The World's Best Cities for Vegan and Vegetarian Travelers

Berries for sale in Los Angeles William Felker on Unsplash

Long gone are the days when vacationing vegans and vegetarians had to resign themselves to poking at piles of iceberg lettuce and lukewarm wedges of tofu the consistency and flavor of makeup sponges. Restaurants and markets all over the world now happily cater to herbivores with healthy, hearty, and indulgent offerings that lose nothing from being made without meat. It wasn’t easy, but we narrowed down the world’s most veg-friendly cities to 10 favorites, from plant-pushing pioneers to fresh upstarts. Dig in!


Charis Atlas Heelan contributed to this report.

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Vegan barbecue from Homegrown Smoker in Portland, Oregon Tony Webster [CC BY 2.0], via Wikimedia Commons

The forward-thinking, healthy-living, earth-protecting citizenry of Portland has turned Oregon’s largest city into the country’s capital of all things granola—sort of like what San Francisco used to be before all the techie types took over. Visitors who don’t eat animal products fit right in with Portland’s all-natural, cruelty-free ethos. In fact, mere vegetarians who still consume dairy and eggs are liable to feel downright old-fashioned. Vegans, for once, can experience the concept of culinary variety at restaurants and food stores offering vegan barbecue (pictured above from Homegrown Smoker, 8638 N. Lombard), vegan doughnuts (Doe Donuts, 8201 SE Powell), and, at the world’s first all-vegan mini mall (1217 SE Stark), cashew cheeses, coconut bacon, and milk-free soft serve.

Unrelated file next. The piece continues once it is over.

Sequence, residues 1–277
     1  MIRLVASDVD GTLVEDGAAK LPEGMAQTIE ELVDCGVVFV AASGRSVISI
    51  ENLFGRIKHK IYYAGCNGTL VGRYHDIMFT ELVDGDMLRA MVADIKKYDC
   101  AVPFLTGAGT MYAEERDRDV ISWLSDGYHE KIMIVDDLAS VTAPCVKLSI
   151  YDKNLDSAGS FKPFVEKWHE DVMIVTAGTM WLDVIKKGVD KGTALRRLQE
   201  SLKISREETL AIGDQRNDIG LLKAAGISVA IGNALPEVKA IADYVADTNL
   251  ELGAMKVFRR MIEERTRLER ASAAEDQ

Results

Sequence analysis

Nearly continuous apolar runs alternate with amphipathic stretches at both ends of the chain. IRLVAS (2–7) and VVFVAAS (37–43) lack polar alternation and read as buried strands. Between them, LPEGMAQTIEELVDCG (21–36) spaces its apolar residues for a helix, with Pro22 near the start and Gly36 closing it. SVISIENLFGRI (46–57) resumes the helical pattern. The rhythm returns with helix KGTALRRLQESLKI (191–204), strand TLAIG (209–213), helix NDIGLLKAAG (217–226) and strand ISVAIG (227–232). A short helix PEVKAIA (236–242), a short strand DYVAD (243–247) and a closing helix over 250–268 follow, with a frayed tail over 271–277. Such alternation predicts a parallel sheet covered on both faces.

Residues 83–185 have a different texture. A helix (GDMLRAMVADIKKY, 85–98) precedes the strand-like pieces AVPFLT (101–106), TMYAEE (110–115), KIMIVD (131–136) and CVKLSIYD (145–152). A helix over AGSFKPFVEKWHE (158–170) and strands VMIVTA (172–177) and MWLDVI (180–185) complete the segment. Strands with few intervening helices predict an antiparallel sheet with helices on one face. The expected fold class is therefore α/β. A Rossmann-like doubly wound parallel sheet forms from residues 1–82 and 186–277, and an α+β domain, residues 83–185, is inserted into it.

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Vx shop in London George Rex / Flickr

Many of the factors that have combined to make London a gastronomic titan, particularly the city’s cosmopolitan character and local chefs’ fearless embrace of new ideas and international flavors, are also reflected in the abundant plant-based dining options here. Few cities can match the global range of London’s restaurants—sometimes on a single menu, as with The Gate’s all-veggie Indo-Euro-Mediterranean fare (there are three locations, but the original is at 51 Queen Caroline Street in Hammersmith). Too much fusion for your palate? Pop into a meatless pizzeria, sushi bar, burger joint, gastropub, or “junk food shop” (like Vx, at 73 Caledonian Road, pictured above). You don’t have to limit yourself to sit-down places, either. Take a stroll through the Broadway Vegan Market held every Saturday on Westgate Street south of London Fields, or take in the swirling ambience of street food stalls, DJs, and hip crowds at the monthly vegan night market in East London (check the event’s Facebook page for date, time, and location). 

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Vegan meal at Tel Aviv's CityTree Urban Ecology Center CityTree